The print file you get out of Photoshop/Internet and the image as it appears on your t-shirt might not be the same. Often, the difference has to do with color spaces, and why there’s a difference between how colors appear on our screens and how they look in real life. In this post, we’ll go in-depth about one of the trickier color-related topics– RGB vs CMYK color spaces.
- What are RGB and CMYK and when do we use them?
- What is the difference between RGB and CMYK?
- What is the most suitable color space for printing?
- Is CMYK better than RGB?
What is RGB?
RGB stands for the three colors Red, Green, and Blue. The color space uses Red, Green, and Blue light to make new colors.
Each pixel in the digital devices we use has three tiny, slightly overlapping RGB light sources that trick our eyes into seeing just one color when looking from a distance.
So if you wanted to show something yellow, the RGB pixel would shine green and red light together, while leaving the blue one off. The stronger the light intensity, the brighter the colors appear. At full intensity, the combined colors appear white and at zero intensity they appear black.
What’s great about the RGB color space is that it gives you a wide of range color combinations you can play with when creating digital designs.
When is the RGB color space used?
RGB colors are used for digital purposes. Any images that appear on a digital screen will be displayed in RGB. This is important to remember when creating your print files since you’ll most likely do it in Photoshop or similar software.
We recommend you create your print files in CMYK and then convert them to RGB color space, or, to be exact, sRGB color profile. I’ll explain the exact reasons later, but first, you might be wondering what CMYK is.
What is CMYK?
CMYK stands for Cyan, Magenta, Yellow, and Key (which is just another word for black). It’s basically the opposite of RGB; it uses colored ink to mask colors on a light background. This light background (usually white) reflects light, so each layer of ink applied subtracts from white light to make new colors.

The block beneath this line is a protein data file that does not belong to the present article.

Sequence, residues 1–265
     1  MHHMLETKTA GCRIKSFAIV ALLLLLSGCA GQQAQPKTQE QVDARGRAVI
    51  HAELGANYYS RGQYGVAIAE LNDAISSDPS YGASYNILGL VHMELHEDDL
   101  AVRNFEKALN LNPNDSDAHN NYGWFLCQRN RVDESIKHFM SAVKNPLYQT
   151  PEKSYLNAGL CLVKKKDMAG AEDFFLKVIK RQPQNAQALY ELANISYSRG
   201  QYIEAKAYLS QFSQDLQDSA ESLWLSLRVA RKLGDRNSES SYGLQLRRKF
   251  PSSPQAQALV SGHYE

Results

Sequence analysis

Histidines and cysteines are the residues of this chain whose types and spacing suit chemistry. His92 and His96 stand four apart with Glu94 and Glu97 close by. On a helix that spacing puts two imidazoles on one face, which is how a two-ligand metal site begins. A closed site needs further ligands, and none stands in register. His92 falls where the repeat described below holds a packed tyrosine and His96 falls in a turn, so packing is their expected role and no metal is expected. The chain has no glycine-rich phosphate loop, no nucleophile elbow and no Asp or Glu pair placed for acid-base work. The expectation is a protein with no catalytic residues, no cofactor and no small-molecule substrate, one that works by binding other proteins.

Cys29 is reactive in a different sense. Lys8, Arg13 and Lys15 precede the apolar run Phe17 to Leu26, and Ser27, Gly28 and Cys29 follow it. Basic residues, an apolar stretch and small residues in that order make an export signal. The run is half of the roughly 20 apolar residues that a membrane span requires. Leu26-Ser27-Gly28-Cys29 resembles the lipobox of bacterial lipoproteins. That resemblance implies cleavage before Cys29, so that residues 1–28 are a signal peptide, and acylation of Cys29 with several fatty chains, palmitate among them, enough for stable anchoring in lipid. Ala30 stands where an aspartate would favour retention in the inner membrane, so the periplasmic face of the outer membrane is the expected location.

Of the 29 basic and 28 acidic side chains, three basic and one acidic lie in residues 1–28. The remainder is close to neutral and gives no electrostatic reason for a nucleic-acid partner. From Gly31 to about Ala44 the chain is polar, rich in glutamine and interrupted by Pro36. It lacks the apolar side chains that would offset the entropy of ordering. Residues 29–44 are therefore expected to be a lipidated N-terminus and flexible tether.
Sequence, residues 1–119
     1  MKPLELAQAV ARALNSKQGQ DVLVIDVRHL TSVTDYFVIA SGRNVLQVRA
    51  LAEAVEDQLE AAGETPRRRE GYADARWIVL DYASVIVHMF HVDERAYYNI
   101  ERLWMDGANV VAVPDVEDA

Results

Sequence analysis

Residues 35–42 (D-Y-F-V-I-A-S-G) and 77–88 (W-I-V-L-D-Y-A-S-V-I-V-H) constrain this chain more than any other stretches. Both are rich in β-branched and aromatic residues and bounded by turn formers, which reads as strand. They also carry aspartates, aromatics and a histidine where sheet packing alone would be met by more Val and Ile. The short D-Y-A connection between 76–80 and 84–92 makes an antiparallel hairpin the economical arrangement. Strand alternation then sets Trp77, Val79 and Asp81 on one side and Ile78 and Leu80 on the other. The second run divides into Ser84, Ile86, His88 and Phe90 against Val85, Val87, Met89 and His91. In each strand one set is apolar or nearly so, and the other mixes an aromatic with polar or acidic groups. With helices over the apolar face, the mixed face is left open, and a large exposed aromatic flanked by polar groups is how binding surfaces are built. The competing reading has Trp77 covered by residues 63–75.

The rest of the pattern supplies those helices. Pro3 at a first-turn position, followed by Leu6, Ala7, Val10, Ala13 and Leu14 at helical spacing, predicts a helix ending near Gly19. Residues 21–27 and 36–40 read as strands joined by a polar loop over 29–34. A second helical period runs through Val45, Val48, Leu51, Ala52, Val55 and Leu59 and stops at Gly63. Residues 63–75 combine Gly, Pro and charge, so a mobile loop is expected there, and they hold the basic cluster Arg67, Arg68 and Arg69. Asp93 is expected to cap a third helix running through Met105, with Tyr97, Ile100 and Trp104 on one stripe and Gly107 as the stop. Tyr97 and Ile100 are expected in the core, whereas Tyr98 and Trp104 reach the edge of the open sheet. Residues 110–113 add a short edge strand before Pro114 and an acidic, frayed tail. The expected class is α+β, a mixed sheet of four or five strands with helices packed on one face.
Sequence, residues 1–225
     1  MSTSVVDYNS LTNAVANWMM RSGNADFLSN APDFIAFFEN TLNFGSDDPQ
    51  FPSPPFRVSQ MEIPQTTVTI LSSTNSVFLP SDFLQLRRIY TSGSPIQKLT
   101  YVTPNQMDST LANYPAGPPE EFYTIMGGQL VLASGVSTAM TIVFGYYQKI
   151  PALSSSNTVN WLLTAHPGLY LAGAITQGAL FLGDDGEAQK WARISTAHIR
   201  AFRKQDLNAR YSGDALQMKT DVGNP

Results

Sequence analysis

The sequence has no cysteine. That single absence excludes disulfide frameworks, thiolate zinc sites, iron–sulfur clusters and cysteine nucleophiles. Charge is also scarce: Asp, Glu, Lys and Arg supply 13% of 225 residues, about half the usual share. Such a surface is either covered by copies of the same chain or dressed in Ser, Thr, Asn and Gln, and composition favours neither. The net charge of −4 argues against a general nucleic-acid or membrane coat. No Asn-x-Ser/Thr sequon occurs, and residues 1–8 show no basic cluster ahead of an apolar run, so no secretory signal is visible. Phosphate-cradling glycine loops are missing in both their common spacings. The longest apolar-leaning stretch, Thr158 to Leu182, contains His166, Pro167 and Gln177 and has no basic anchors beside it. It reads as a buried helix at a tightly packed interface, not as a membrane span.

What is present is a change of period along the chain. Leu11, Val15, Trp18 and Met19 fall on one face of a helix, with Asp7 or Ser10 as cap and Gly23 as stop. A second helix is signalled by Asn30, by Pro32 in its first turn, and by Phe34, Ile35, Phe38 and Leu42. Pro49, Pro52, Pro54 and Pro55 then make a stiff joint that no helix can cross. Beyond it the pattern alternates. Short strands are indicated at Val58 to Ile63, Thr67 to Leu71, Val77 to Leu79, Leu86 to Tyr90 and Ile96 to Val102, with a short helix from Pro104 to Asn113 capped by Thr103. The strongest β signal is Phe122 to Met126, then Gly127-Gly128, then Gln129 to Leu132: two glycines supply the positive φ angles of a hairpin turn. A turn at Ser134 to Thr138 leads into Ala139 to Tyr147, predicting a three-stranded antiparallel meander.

For example, if you combine Yellow and Magenta (meaning subtract yellow from magenta), then you get Red. You can combine any two Cyan, Magenta, or Yellow colors to create one of the three RGB colors.
If it’s confusing, just try to think about drawing with colored pencils. If you combine two different colors, you’ll get a third. It’s the same idea behind CMYK.
When you combine all three colors, you get grey. Since we also need black, it’s the fourth color. This is also why CMYK is sometimes called the four color space.
When is the CMYK color space used?
CMYK is recommended for any printed material. This includes all of Printful’s products, from apparel to mugs, posters, and more.
Why do we use CMYK for printing? It reflects the colors more accurately.
What is the difference between RGB and CMYK?
We like to think of RGB as a lit match in a dark room, while CMYK is a picture of the lit match in the dark room.
With CMYK, color intensity is not as flexible as in RGB. It’s just impossible to replicate on ink paper or fabric the same intensity and brightness that a digital display can show.
This means some RGB colors will show up differently when printed in CMYK. The software you’re designing in (Photoshop and others) is set to RGB color space by default (in most casses: sRGB color profile specifically). That’s fine if your designs are only going to appear online, but printed designs need to be done in CMYK.
Is CMYK better than RGB?
CMYK and RGB have different uses, and it’s important to know when to use which. Since we’re focusing on printing, we want to stay within the CMYK range.
However, technology is advancing and printers can already print colors outside of the usual range, although we still suggest sticking to approved methods. So how do you avoid printing the wrong colors show up on your products? We recommend ordering color swatches. There are samples of different RGB colors as they appear on printed material. This will help you determine how to color correct for print. They come on a black or a white t-shirt and have multiple different RGB colors printed allowing to see how the colors look on your screen compared to real life. They also come with the numbered color codes for Photoshop for you to manually adjust colors if necessary. You can download the digital files of the swatches below.
If you feel comfortable using photo editing programs like Adobe Photoshop and Illustrator, you can create your own custom swatches with the colors you use more frequently and make a sample order with those.
Don’t worry if you’re nervous about setting up your design files correctly, we’re more than happy to help you with that as well.
Let’s not restrict our Imagination because of color spaces — Print My Fashion